Investigators found at least five photos of the dead wolf and a few of it with Kunkel posing beside it that were on Kunkel’s cell phone and taken into evidence.
A forensic report concluded on Feb. 13 shows the wolf was killed Dec. 5 by a bullet fired from Kunkel’s rifle.
Kunkel reportedly told investigators it was the first time he killed anything, and that no one in the adjacent camp told him he needed to report it to AZGFD. He voluntarily surrendered his rifle to investigators.
Next they interviewed Davis, who said he had nothing to do with the killing other than being on an elk hunt with his father and Kunkel. During the interview Davis told the AZGFD that he and Kunkel were made aware of the Dec. 1 wolf sighting near camp by the people camping nearby. He said they told him and the others that the wolf was as close as 10 feet to two young girls playing in the camp who were completely unaware of its presence because it was crouched behind a large log.
Davis said that none of the wolves they saw during their hunt had collars and that neither he nor Kunkel had any safety concerns about them. He told investigators he did not kill the wolf and that it was Kunkel who shot and killed it when he stepped away briefly.
During his interview, Kunkel contradicted Davis’ comments saying Davis was there the whole time and even asked Kunkel if his rifle was loaded when they spotted the wolf in the meadow near their camp early morning Dec. 5.
Davis said he heard the gunshot when Kunkel killed the wolf and returned to see it laying dead in the meadow and Kunkel holding his rifle. Davis said he knew Mexican gray wolves are protected in Arizona and repeated he was not with Kunkel when he shot and killed it and that they never even discussed shooting or killing any wolf if they felt their lives were in danger.
He admitted that Kunkel and his father used their cell phones to take “trophy” photos of the dead wolf as momentos of their hunt and Kunkel’s first kill.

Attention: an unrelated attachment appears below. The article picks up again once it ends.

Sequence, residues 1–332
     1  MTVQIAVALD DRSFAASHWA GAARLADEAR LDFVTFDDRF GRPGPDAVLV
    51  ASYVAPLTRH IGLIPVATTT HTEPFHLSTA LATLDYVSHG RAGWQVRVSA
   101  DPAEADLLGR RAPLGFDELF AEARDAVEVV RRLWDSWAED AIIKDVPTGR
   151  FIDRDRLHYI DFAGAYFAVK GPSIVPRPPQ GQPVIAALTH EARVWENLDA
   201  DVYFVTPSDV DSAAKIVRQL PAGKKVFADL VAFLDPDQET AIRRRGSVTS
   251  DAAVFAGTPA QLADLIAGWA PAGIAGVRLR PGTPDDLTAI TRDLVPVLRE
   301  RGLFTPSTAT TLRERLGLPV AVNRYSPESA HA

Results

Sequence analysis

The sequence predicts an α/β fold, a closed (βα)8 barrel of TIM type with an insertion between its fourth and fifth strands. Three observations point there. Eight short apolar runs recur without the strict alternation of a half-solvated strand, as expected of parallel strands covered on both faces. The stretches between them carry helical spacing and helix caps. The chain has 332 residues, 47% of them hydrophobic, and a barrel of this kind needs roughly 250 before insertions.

Then in a final interview on Jan. 8 of this year, Davis admitted that on Dec. 5 he and Kunkel were deciding if they were going to break camp and go home after a trip to a meat processor in the area with Davis’ elk kill because it was starting to snow. Davis said he left camp briefly adding that when he walked back he and Kunkel saw the wolf near a green water tank at Dipping Vat Spring and tried to scare it away. But, he said, the wolf kept approaching them and he asked Kunkel if his rifle was loaded in case they needed to kill the wolf.
Kunkel told him it was in the truck and Davis reportedly got it and handed it to Kunkel who allegedly aimed it at the approaching wolf and killed it with one shot. Davis told the investigator he was not concerned for his safety at any time and that when asked by Kunkel if he should shoot it he told his friend it was his decision to make. Davis said they both knew at the time it was a protected Mexican gray wolf and that it was an endangered species.
Asked why he did not report it to authorities immediately after Kunkel allegedly killed the wolf, Davis reportedly told them it was Kunkel’s responsibility and not his because he did not kill it.
This article was published in the White Mountain Independent.
Read the criminal complaint which was filed with the United States District Court HERE.